Subject: AP: Annan: East Timor Mission Should Continue
AP: Annan: East Timor Mission Should Continue EDITH M. LEDERER
UNITED NATIONS - Secretary-General Kofi Annan on Wednesday recommended against reducing the U.N. mission in East Timor in its final six months, saying the new nation hasn't reached "the critical threshold of self-sufficiency."
In a report to the Security Council, Annan said East Timor's administration - especially its financial, banking and judicial institutions - "remain weak and fragile" despite "notable advances."
He said U.N. civilian advisers who should be mentors by now continue to perform important jobs in key institutions, U.N. civilian police advisers remain "indispensable" in training the national police force, and U.N. troops are still needed to support security and stability.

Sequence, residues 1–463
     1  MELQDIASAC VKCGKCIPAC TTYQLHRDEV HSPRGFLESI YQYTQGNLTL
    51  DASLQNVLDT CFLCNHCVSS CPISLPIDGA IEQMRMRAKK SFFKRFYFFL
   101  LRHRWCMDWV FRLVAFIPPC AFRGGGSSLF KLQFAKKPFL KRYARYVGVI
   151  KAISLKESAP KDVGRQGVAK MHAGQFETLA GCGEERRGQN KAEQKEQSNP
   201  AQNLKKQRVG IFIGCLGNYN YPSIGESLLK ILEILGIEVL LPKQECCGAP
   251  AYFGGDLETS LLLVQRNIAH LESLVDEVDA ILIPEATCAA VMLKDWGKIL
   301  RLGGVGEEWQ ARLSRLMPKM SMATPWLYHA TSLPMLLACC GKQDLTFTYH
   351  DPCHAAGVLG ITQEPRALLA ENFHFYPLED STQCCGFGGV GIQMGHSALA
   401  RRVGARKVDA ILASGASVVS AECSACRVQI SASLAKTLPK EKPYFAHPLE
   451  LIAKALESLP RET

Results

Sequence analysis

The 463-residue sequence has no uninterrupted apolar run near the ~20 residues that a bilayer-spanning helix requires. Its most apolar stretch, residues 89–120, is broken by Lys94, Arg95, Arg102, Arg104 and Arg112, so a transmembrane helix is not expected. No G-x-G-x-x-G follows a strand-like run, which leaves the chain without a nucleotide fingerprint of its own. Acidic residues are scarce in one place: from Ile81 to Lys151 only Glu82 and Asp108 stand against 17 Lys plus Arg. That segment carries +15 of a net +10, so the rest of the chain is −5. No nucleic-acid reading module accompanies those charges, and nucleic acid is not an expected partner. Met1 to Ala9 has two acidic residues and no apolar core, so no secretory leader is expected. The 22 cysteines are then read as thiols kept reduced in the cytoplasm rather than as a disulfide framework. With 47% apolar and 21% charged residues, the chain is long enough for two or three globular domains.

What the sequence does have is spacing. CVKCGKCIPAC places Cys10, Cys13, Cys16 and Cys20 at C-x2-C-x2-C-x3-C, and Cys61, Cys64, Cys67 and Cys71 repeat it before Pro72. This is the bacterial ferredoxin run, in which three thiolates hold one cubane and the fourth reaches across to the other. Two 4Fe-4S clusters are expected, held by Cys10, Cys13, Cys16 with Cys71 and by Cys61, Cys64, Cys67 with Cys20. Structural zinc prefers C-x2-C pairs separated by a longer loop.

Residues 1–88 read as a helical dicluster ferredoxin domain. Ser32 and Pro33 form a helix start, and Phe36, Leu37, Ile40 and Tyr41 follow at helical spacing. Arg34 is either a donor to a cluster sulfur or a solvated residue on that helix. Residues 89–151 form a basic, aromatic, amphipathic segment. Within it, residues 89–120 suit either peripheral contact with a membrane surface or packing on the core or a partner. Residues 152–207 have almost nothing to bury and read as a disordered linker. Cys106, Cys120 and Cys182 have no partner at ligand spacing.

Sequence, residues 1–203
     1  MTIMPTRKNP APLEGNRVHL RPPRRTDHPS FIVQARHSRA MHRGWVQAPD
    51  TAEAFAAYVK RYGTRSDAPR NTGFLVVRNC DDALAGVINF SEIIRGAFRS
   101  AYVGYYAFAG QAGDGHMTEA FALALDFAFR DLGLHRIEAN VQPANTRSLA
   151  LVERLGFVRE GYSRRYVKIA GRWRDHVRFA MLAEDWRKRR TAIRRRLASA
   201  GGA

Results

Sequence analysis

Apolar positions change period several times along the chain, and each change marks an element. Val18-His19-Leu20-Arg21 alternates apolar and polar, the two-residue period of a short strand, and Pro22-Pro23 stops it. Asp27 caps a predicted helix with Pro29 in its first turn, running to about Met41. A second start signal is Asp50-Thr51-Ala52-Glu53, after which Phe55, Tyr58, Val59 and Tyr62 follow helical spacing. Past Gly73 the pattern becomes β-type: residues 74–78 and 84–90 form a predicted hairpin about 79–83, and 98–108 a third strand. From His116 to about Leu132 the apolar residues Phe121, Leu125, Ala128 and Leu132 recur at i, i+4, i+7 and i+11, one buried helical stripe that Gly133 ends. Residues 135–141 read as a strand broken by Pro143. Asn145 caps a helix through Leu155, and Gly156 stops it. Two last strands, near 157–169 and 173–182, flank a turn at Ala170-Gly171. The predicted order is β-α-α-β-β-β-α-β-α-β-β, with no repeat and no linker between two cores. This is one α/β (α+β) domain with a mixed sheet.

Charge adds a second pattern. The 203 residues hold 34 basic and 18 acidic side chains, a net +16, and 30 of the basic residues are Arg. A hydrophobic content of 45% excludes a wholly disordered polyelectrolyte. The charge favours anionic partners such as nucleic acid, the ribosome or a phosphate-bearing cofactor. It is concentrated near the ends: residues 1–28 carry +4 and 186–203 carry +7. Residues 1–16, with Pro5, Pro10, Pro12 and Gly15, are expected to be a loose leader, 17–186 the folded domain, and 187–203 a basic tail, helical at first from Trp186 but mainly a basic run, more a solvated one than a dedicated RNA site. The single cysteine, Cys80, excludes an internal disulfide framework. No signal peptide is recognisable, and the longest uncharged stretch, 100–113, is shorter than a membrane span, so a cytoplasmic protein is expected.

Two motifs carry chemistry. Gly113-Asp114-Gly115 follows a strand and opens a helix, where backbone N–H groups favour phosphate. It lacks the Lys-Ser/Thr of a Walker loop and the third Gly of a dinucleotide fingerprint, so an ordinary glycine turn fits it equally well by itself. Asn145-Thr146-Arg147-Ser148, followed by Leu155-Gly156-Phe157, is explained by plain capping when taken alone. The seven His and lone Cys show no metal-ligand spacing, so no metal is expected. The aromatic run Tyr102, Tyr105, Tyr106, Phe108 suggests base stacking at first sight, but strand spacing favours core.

The Timorese defense force "remains hampered by a lack of experienced personnel, appropriate training regimes and equipment, and by limited logistic capacity," Annan said.
The Security Council voted in May to wind up the U.N. mission on May 20, 2005, and drastically reduce its size from more than 1,660 troops, 300 international police and 77 military observers.
Annan recommended retaining current levels until the mission ends: 310 troops, a 125-member international response unit, 42 military liaison officers, 157 civilian police advisers and 58 civilian advisers.
East Timorese voted for independence from Indonesia in 1999. The Indonesian military and its proxy militias struck back with violence that killed 1,500 Timorese and displaced 300,000.
The United Nations administered the territory for 2 1/2 years, then handed it to the Timorese on May 20, 2002.
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